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Baltimore to test new immigration policy

— Baltimore is one of two cities selected to test an immigration policy adopted by the Obama administration that could freeze deportations of illegal immigrants who have no criminal records, the Department of Homeland Security said Thursday.

The elderly, children who have been in the country more than five years, students who came to the U.S. under the age of 16 and are enrolled in a college degree program, and victims of domestic violence are among those whose deportations could be put on hold under the test program, which begins Dec. 4 and could be broadened in January.

Though the federal policy was set earlier this year, the decision to begin implementation in Baltimore is likely to renew a broader immigration debate in Maryland that has been stoked by legislation in the General Assembly to offer some illegal immigrants in-state tuition rates at public universities.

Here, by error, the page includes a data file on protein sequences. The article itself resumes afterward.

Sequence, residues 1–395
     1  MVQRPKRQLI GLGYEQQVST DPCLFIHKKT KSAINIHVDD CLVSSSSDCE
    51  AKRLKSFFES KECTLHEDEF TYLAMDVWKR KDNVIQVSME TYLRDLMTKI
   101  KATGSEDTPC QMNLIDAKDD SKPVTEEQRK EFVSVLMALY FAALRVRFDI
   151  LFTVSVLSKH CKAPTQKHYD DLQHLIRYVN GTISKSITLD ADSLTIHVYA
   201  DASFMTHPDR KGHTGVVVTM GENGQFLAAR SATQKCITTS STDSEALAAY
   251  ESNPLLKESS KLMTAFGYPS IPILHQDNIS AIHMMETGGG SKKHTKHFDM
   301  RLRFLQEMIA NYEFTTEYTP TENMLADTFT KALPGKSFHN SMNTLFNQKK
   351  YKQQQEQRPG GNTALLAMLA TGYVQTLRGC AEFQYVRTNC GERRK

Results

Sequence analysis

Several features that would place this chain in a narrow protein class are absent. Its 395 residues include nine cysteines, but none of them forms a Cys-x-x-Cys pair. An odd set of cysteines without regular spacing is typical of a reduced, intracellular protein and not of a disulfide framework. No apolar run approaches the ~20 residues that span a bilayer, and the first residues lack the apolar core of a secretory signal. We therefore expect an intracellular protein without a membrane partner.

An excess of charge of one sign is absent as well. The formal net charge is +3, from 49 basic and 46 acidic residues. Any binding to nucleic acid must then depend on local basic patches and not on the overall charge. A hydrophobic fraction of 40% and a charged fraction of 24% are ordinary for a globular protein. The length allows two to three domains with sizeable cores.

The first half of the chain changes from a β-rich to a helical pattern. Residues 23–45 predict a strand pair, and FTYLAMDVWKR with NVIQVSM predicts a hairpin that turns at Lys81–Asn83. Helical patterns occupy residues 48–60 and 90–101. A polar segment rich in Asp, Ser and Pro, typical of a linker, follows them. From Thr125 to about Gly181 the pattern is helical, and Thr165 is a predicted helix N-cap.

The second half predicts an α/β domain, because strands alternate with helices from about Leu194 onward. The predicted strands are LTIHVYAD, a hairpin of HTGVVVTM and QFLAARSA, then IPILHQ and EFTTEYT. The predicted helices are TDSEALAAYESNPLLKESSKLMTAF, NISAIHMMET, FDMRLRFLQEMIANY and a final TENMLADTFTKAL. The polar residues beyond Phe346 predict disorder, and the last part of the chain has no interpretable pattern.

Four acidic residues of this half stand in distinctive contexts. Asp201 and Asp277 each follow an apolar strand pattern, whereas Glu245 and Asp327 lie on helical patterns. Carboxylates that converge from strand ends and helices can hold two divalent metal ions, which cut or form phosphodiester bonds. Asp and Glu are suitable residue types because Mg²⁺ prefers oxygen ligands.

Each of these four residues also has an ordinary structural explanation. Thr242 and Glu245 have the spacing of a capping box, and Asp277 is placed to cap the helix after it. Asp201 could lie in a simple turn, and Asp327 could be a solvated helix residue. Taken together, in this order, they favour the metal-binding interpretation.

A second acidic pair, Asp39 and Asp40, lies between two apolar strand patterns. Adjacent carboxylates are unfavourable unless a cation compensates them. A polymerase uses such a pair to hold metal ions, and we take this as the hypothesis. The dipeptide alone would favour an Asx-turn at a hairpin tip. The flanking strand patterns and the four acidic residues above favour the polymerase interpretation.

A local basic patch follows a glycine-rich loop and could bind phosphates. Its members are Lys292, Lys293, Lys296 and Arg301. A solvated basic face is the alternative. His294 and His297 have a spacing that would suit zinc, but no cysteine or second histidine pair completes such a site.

Immigration advocates in Maryland applauded the decision to roll out the new policy in Baltimore.

"We are relieved that there is potentially a new future for families that we see divided all the time" by the current deportation policy, said Kim Propeack, policy director for Casa de Maryland, an immigrant advocacy group.

A June 17 memorandum gave prosecutors more discretion over whether to pursue deportations of illegal immigrants who pose no threat to public safety. The memo offered general guidelines — some argued that it was too vague to be useful to field agents — but Immigration and Customs Enforcement has begun to roll out a training program to instruct agents on how to apply the criteria.